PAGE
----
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Grebely J.,University of New South Wales | Page K.,University of California at San Francisco | Sacks-Davis R.,Burnet Institute | Sacks-Davis R.,Monash University | And 20 more authors.
Hepatology | Year: 2014

Although 20%-40% of persons with acute hepatitis C virus (HCV) infection demonstrate spontaneous clearance, the time course and factors associated with clearance remain poorly understood. We investigated the time to spontaneous clearance and predictors among participants with acute HCV using Cox proportional hazards analyses. Data for this analysis were drawn from an international collaboration of nine prospective cohorts evaluating outcomes after acute HCV infection. Among 632 participants with acute HCV, 35% were female, 82% were Caucasian, 49% had interleukin-28 (IL28)B CC genotype (rs12979860), 96% had injected drugs ever, 47% were infected with HCV genotype 1, and 7% had human immunodeficiency virus (HIV) coinfection. Twenty-eight percent were HCV antibody negative/RNA positive at the time of acute HCV detection (early acute HCV). During follow-up, spontaneous clearance occurred in 173 of 632, and at 1 year after infection, 25% (95% confidence interval [CI]: 21, 29) had cleared virus. Among those with clearance, the median time to clearance was 16.5 weeks (IQR: 10.5, 33.4), with 34%, 67%, and 83% demonstrating clearance at 3, 6, and 12 months. Adjusting for age, factors independently associated with time to spontaneous clearance included female sex (adjusted hazards ratio [AHR]: 2.16; 95% CI: 1.48, 3.18), IL28B CC genotype (versus CT/TT; AHR, 2.26; 95% CI: 1.52, 3.34), and HCV genotype 1 (versus non-genotype 1; AHR: 1.56; 95% CI: 1.06, 2.30). The effect of IL28B genotype and HCV genotype on spontaneous clearance was greater among females, compared to males. Conclusions: Female sex, favorable IL28B genotype, and HCV genotype 1 are independent predictors of spontaneous clearance. Further research is required to elucidate the observed sex-based differences in HCV control. © 2013 by the American Association for the Study of Liver Diseases.

Korb D.R.,Korb Associates | Herman J.P.,Pittsfield Eye Associates | Blackie C.A.,Korb Associates | Scaffidi R.C.,Tufts Medical School | And 4 more authors.
Cornea | Year: 2010

Purpose: The purpose of this study was to investigate the prevalence of lid wiper epitheliopathy (LWE) in patients diagnosed with dry eye disease (DED). Methods: Patients were recruited for two groups. Inclusion criteria for the DED group (n = 50) was: a score greater than 10 with the Standard Patient Evaluation of Eye Dryness questionnaire, fluorescein break-up time 5 seconds or less, corneal and conjunctival staining with fluorescein, lissamine green Grade 1 or greater (scale 0-3), and Schirmer test with anesthesia 5 mm or less. For the asymptomatic group (n = 50), inclusion criteria were: no dry eye symptoms, fluorescein break-up time 10 seconds or greater, no corneal or conjunctival staining, and Schirmer test 10 mm or greater. Sequential instillations (n = 2, 5 minutes apart) of a mixture of 2% fluorescein and 1% lissamine green solution were used to stain the lid wipers of all patients. LWE was graded (scale 0-3) using the horizontal lid length and the average sagittal lid widths of the stained wiper. Results: In symptomatic patients, 88% had LWE, of which 22% was Grade 1, 46% Grade 2, and 20% Grade 3. In asymptomatic patients, 16% had LWE, of which 14% was Grade 1, 2% was Grade 2, and 0% Grade 3. The difference in prevalence of lid wiper staining between groups was significant (P<0.0001). Conclusions: The prevalence of LWE was six times greater for the DED group and the prevalence of LWE Grade 2 or greater was 16 times greater for the DED group than for the control group. These data further establish LWE as a diagnostic sign of dry eye disease. © 2010 Lippincott Williams & Wilkins.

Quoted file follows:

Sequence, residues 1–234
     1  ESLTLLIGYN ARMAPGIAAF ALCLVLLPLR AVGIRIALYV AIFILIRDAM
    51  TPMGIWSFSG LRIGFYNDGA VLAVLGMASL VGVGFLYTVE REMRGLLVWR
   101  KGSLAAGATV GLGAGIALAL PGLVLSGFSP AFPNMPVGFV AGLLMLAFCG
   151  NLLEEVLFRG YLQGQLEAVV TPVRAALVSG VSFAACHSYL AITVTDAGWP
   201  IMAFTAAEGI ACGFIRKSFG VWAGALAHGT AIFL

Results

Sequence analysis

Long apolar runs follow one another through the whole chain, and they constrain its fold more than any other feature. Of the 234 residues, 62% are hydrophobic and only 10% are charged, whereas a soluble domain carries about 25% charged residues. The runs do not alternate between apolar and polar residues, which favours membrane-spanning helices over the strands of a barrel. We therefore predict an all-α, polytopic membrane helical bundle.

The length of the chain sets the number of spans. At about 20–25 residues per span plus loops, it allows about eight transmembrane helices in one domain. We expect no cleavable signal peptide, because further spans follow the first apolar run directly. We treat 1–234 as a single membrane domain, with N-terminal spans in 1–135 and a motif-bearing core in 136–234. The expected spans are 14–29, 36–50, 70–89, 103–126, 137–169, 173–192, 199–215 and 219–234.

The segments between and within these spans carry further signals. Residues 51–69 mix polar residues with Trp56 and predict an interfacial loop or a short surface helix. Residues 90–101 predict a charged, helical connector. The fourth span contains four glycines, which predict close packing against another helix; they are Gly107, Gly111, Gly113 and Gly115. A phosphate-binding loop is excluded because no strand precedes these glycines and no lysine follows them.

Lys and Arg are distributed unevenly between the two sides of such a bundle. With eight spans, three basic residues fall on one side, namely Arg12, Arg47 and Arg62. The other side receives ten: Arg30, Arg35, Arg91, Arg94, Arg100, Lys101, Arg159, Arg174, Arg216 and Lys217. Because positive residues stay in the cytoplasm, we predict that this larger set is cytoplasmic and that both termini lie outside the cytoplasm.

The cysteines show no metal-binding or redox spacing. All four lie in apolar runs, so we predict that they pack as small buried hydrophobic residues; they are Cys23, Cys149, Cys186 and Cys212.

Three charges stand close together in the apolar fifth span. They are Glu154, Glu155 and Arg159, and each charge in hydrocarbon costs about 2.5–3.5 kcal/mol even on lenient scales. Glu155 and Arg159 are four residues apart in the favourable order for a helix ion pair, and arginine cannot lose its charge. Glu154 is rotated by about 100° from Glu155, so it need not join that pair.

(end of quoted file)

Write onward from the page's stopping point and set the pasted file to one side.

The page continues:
Dwyer J.T.,Tufts Medical School | Dwyer J.T.,Frances Stern Nutrition Center | Woteki C.,Education and Economics | Bailey R.,U.S. National Institutes of Health | And 7 more authors.
Nutrition Reviews | Year: 2014

This article reviews the current landscape regarding food fortification in the United States; the content is based on a workshop sponsored by the North American Branch of the International Life Sciences Institute. Fortification of the food supply with vitamins and minerals is a public health strategy to enhance nutrient intakes of the population without increasing caloric intake. Many individuals in the United States would not achieve recommended micronutrient intakes without fortification of the food supply. The achievement and maintenance of a desirable level of nutritional quality in the nation's food supply is, thus, an important public health objective. While the addition of nutrients to foods can help maintain and improve the overall nutritional quality of diets, indiscriminate fortification of foods could result in overfortification or underfortification in the food supply and nutrient imbalances in the diets of individuals. Any changes in food fortification policy for micronutrients must be considered within the context of the impact they will have on all segments of the population and of food technology and safety applications and their limitations. This article discusses and evaluates the value of fortification, the success of current fortification efforts, and the future role of fortification in preventing or reversing nutrient inadequacies. © 2014 International Life Sciences Institute.

Lapane K.L.,Virginia Commonwealth University | Sands M.R.,Brown University | Sands M.R.,Memorial Hospital of Rhode Island | Yang S.,Virginia Commonwealth University | And 3 more authors.
Osteoarthritis and Cartilage | Year: 2012